The role of bookkeepers and accountants appears to be converging into similar territory with boundaries becoming blurred, as the industry adopts emerging technologies and increased automation occurs. Accountants are moving into the traditional bookkeeping space and bookkeepers are moving into the traditional accounting space. With the time-savings becoming more transparent, the traditional billing method based on ‘time’ becomes a model that is more difficult to justify to clients.

Some things will never change though. Accountants and bookkeepers provide specialist skills and services in servicing their clients, as well as being the trusted advisor to the small business owner. There are boundaries as to what type of advice can be given. Obviously, bookkeepers cannot provide advice on things that are specific to the accounting profession, such as tax law and the like. But, in many ways, the bookkeeper can provide guidance and much needed support to the small business owner based on a much closer relationship they nurture.

Intimacy is Key when Looking into Future

We see bookkeepers becoming an invaluable resource to the small business owner when guidance as to what may be laying ahead in the future is needed. Identifying storm clouds on the horizon is an important part of forecasting. The intimate knowledge of what has happened in the past is the key to laying the foundation for a solid budget or cashflow forecast.

And with bookkeepers engaging with the client quite often on a monthly or more frequent basis, they are in a very good position to identify the cyclical or seasonal trends of a business. Overseeing or managing tasks such as finalising bank reconciliations, understanding the position of outstanding debtors and creditors and locking closed periods, makes the starting point for creating a budget a lot more concrete and creates a firm foundation for this task. In comparison, this cannot be said for the accountant who only meets with the client maybe once or twice a year and won’t have the same level of familiarity resulting in more uninformed assumptions.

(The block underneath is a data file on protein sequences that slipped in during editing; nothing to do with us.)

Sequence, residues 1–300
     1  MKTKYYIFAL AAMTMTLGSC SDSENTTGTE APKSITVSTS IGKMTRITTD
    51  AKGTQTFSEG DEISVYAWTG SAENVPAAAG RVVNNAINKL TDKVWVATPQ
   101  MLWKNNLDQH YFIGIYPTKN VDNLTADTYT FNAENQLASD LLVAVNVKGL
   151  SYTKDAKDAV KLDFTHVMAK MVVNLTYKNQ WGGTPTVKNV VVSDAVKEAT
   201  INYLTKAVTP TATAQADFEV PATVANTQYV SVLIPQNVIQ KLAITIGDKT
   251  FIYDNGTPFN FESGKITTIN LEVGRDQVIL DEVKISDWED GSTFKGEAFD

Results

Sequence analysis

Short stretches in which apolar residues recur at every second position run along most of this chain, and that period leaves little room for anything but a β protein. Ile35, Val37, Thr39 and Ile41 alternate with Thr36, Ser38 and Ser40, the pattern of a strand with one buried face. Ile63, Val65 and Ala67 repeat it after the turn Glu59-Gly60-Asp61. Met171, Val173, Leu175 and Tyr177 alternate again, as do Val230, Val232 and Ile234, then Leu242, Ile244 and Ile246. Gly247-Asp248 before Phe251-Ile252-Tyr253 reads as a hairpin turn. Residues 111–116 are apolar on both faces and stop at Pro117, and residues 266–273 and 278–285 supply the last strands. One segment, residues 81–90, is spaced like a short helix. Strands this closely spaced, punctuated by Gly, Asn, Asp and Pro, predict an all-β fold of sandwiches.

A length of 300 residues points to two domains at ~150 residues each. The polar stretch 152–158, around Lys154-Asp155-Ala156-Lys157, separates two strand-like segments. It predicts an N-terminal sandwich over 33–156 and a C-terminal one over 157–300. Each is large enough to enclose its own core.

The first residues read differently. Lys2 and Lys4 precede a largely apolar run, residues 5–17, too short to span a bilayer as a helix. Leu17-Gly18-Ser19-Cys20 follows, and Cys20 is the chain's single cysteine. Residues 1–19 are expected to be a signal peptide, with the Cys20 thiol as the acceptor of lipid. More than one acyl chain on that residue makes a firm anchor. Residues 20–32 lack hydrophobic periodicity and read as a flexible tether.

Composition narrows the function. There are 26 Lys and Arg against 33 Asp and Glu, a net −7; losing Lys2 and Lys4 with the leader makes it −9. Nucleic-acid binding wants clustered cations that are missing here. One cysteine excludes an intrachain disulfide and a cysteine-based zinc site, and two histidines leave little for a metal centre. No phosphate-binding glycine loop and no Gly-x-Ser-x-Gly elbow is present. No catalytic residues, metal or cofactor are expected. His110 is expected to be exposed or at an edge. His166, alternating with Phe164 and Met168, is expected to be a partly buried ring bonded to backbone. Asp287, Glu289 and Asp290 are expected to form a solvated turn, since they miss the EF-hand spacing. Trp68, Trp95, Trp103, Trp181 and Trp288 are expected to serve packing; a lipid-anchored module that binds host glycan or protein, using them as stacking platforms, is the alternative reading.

Bookkeepers are Gatekeepers

The Calxa Partner community is extensively made up of bookkeepers from around the country. Not only are they the specialist in keeping the books but they are the gatekeepers alarming their clients on upcoming ‘hot spots’ averting possible disaster.

Utilising tools such as Calxa which seamlessly integrates to mainstream accounting packages, takes away the concerns of data integrity, as all of the forecast numbers can be easily populated based on historical ledger information. And, as the bookkeeper has been overseeing the data entry process, they can be assured that the historical information is accurate and up to date, which ensures that the projection produced is as accurate as possible. In this setting the bookkeeper becomes invaluable contributing significantly to the sustainability of the small business community.

This becomes even more pertinent when the bookkeeper is a member of an association such as ICB, as they have demonstrated their competencies, attained accreditation, and have an intimate knowledge of the bookkeeping process.

Delicate Conversations

The other factor that works in the bookkeepers favour, is that the client may be more open to discussing sensitive issues. If, for example, the client is drawing more money out of the business than can be afforded or they have an idea that taking on more debt will solve their cashflow problems… this may be where the bookkeeper sometimes has that frank conversation. Providing simple, maybe visual, reports may help the client understand that things may need to change, moving forward. This can be a subtle way of steering the client in the direction of acknowledging their own behaviour resulting in sensible decisions to avert a catastrophe down the track.

Starting the Conversation

It may be as simple as being able to tell the client what their expected BAS payments may be for the next six months. Or, showing them the bottom line that tells them that they can’t afford that new car they have been talking about.

Forecasting doesn’t have to be about producing a 5 year business plan. It is about looking out for the client. Having that close affiliation, bookkeepers want the best for their clients. Ensuring that they are compliant with the ATO and paying their bills on time is one thing, steering the client in the right direction with some guidance can lead to even stronger and more rewarding relationships between bookkeepers and their clients. And this has been never more important, as the industry becomes more commoditised through technology and automation. It can set the bookkeeper apart from the competitor down the road. Keeping Clients For Life – that’s what it’s all about.

Calxa have an active Partner Program consisting of bookkeepers and accounting professionals. With more than 130 partners in Australia and abroad, Calxa supports them with one-on-one mentoring to ensure that they have the confidence and tools to provide additional and relevant client services. If you would like to enquire about their Partner Program, contact Calxa’s Partner Relations Manager at [email protected]. Check out the ICB Website for more information and to get the special ICB member discount on Calxa products.

This article was first published in the September 2015 ICB Newsletter.